15 Tips I Wish I Would Have Found When I Was Pregnant

If you are pregnant or have had a baby, you have scoured the Internet for all of the tips and tricks that will help you to survive pregnancy/choose the most useful baby registry items/pack the ultimate hospital bag/find natural and effective recipes and magic spells to induce labor/avoid pooping on the delivery table/pick the most unique without being ridiculous baby name and everything else in between. Because I have a definitive love for such lists and also like to pretend that I am a pregnancy and parenting guru (disclaimer: I am not), I thought I would make a list of my own.


1. There is nothing funny OR shameful about gaining 50 pounds during pregnancy.

Several years ago, I remember reading a tabloid at the supermarket that boasted a headline along the lines of, “BRITNEY SPEARS GAINS 50 POUNDS IN PREGNANCY! OMG! LOL! SHE IS FAT!” I’ve seen the same headlines for Jessica Simpson, Kim Kardashian and about a million more celebrity moms. Before I was pregnant, I remember thinking, “Wow. How could you let that happen to yourself?” After becoming pregnant, I began to realize how vicious these headlines are. Why do we only celebrate the women who still look hot in a tube top while pregnant? It’s just mean.

2. There’s a chance that you could gain 50 pounds (or more) during pregnancy.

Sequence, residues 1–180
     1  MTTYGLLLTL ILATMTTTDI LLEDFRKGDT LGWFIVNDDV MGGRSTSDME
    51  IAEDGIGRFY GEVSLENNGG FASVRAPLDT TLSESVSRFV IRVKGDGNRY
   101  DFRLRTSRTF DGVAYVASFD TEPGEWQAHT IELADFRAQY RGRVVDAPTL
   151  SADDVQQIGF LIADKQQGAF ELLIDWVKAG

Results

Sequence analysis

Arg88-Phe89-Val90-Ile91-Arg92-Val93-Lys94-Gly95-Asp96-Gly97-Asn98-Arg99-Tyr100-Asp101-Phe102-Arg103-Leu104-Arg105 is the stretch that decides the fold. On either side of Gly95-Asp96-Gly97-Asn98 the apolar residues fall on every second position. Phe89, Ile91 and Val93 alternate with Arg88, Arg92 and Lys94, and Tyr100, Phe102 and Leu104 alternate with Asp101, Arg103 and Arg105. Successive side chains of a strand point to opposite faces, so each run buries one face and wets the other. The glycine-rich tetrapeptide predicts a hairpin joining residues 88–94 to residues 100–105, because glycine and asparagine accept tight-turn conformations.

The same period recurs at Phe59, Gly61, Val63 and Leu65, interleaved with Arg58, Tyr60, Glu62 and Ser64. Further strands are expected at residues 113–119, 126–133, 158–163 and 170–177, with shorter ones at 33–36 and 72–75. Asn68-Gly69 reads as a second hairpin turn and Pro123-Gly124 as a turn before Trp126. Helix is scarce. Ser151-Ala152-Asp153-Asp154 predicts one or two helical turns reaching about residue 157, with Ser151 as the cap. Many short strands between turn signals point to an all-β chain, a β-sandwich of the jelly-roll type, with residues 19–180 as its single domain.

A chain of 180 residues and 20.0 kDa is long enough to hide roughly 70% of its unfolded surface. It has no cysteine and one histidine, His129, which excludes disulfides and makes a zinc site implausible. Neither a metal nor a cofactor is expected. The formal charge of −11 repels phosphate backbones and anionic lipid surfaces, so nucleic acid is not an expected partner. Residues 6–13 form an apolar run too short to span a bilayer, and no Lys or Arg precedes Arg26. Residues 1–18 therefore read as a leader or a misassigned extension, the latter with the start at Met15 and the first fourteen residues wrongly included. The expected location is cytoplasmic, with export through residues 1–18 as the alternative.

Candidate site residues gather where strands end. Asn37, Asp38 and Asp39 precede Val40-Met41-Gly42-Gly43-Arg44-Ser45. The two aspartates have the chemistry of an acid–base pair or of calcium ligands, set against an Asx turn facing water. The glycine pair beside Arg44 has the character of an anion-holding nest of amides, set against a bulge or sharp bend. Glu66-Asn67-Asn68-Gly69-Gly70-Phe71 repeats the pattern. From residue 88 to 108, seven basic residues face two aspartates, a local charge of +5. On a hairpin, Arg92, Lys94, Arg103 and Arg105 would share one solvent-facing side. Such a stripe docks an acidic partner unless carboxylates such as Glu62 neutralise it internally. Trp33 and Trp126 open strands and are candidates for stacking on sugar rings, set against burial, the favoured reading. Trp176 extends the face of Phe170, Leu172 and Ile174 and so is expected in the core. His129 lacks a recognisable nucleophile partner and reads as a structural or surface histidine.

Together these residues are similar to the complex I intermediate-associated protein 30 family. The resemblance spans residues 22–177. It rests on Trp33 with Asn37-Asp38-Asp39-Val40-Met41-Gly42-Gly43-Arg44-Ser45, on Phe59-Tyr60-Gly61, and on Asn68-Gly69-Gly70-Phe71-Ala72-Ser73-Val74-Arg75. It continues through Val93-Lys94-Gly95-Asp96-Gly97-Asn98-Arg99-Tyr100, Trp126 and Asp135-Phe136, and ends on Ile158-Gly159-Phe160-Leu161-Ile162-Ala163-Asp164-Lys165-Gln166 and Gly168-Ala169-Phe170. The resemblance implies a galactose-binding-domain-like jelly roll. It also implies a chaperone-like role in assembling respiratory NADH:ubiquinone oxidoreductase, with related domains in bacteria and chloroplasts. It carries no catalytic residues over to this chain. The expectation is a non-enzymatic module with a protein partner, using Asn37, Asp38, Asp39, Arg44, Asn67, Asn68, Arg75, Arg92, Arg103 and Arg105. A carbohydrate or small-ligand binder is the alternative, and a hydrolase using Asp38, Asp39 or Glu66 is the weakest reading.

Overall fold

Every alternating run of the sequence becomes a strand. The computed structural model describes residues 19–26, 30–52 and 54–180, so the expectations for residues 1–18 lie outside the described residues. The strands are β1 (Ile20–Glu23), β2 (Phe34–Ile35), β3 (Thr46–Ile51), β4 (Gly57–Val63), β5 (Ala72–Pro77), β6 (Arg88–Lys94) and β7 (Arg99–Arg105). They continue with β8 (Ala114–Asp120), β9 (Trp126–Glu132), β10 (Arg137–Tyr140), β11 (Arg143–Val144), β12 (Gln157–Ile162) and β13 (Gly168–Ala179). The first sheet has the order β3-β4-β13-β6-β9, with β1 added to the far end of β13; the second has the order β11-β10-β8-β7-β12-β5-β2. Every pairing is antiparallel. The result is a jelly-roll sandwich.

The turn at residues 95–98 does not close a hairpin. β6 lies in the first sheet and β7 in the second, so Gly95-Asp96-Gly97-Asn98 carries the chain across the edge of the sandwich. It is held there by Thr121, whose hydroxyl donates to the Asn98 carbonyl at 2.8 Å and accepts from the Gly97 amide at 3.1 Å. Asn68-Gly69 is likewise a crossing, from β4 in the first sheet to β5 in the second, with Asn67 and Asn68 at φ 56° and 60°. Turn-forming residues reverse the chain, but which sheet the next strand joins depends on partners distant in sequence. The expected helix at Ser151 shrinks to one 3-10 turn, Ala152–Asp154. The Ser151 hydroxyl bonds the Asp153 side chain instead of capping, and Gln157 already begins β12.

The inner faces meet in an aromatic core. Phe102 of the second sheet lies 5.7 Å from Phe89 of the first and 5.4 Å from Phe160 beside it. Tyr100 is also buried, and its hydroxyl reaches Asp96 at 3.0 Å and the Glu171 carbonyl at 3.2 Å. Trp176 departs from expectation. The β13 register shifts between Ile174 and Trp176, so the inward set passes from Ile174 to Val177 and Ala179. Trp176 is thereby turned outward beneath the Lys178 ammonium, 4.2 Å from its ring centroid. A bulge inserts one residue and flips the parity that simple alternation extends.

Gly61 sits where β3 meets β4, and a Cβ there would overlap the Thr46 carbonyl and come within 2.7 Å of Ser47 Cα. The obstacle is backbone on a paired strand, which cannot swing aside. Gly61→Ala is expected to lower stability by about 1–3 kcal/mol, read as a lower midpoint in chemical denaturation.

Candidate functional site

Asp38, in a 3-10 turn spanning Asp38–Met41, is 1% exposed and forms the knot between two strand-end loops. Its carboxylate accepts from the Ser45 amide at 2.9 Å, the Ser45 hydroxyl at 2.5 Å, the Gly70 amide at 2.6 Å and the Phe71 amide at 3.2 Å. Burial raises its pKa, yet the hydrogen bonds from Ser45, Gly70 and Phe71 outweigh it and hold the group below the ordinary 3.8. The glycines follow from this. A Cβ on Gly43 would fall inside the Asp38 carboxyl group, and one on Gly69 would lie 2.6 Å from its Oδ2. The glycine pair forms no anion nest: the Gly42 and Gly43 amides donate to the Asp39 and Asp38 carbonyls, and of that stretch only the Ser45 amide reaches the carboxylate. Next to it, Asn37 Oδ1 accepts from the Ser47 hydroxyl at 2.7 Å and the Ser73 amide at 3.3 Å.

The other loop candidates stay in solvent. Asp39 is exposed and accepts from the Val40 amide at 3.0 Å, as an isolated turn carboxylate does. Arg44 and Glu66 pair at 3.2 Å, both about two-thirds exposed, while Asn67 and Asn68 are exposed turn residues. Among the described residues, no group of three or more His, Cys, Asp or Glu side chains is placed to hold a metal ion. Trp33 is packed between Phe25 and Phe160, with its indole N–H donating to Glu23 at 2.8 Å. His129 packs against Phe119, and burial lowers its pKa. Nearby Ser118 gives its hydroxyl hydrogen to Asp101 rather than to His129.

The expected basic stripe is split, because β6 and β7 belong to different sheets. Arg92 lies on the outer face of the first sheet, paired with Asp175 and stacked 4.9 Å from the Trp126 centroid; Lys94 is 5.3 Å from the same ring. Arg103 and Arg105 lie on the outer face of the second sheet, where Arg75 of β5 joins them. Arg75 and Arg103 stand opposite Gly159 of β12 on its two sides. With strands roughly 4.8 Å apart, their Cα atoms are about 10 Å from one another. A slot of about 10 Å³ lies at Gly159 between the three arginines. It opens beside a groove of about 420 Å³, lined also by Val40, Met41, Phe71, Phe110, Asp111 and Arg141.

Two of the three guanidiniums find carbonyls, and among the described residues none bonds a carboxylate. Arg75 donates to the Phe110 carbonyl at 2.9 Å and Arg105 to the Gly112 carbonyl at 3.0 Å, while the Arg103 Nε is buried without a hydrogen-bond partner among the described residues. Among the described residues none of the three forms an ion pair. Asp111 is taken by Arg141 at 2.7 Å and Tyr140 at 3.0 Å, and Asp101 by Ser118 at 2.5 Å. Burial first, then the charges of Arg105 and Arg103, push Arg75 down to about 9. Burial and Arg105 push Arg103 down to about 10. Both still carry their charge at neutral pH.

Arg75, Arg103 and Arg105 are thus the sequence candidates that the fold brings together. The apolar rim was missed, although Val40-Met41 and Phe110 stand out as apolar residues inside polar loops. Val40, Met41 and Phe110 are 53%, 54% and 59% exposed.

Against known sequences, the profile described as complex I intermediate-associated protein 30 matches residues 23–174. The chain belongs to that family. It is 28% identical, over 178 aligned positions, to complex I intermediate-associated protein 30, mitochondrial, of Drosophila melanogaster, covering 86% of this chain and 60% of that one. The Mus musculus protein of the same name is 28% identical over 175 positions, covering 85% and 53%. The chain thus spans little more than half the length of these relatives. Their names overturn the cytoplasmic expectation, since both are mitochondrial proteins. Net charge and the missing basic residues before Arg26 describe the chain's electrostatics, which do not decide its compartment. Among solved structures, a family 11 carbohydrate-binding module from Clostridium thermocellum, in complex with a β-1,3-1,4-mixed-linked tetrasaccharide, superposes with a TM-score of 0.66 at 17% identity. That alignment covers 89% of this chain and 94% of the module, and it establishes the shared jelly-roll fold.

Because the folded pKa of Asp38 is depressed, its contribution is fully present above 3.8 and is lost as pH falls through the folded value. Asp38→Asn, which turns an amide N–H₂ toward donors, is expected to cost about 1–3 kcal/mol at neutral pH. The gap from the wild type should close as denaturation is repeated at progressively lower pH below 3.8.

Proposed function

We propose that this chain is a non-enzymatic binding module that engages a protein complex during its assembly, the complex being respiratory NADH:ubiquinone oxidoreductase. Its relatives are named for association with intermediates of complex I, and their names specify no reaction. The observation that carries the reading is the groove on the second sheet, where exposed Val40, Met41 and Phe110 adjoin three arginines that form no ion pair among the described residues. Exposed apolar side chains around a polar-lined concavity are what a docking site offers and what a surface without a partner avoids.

YEP, MAYBE EVEN YOU. When I went to my second or third pregnancy checkup, I had already gained 12 pounds. My Dr. reassured me that sometimes women gain a lot of weight in the first trimester, but then it slows down. Yeah. It didn’t. Suddenly I began to realize that for some women, no amount of healthy eating or time on the elliptical will prevent you from gaining serious baby weight. If you’re under the care of your doctor and he or she has made sure that you and the baby are healthy, focus on that instead of beating yourself up over the number on the scale.

3. Many people seem to think that social cues followed when interacting with regular people do not apply for pregnant women.

Comments like, “Oh my gosh, you are HUGE!” and “Are you SURE you’re only 6 months pregnant?” may be a common occurrence for you. Please remember that these very helpful observations are in reference to your amazing belly and (probably) not your butt. Resist the urge to punch people in the face.

4. You will answer the same questions in every conversation you have from the moment you announce your pregnancy until the baby is born.

They are:
When are you due? Are you so excited? Have you been sick? How are you feeling? Are you having cravings? Will you find out if it’s a boy or a girl? Which are you hoping for, a boy or a girl? Have you picked out a name? What is it?

5. On your due date, all of your closest friends and family will call or text to see if the baby has been born and you just forgot to tell them.

They are just trying to show their support and excitement, but by this time, you will probably be sooooo over being pregnant and may find these messages annoying rather than encouraging. A friend of mine headed these calls off at the pass by creating a group message and a pre-typed note in her phone to alert all of us when the baby was on his way, and let us know ahead of time that if we hadn’t received the text, we could rest assured that he was still safely tucked inside her uterus.

6. If you have any health-related concerns during your pregnancy, DO NOT GOOGLE!!!!!! ABORT MISSION! ASK YOUR DOCTOR INSTEAD!

In a recent study I just made up in my head, 100% of people who conducted a health-related Google search found out that they were dying of one of the many diseases they remembered seeing on an episode of Grey’s Anatomy that one time.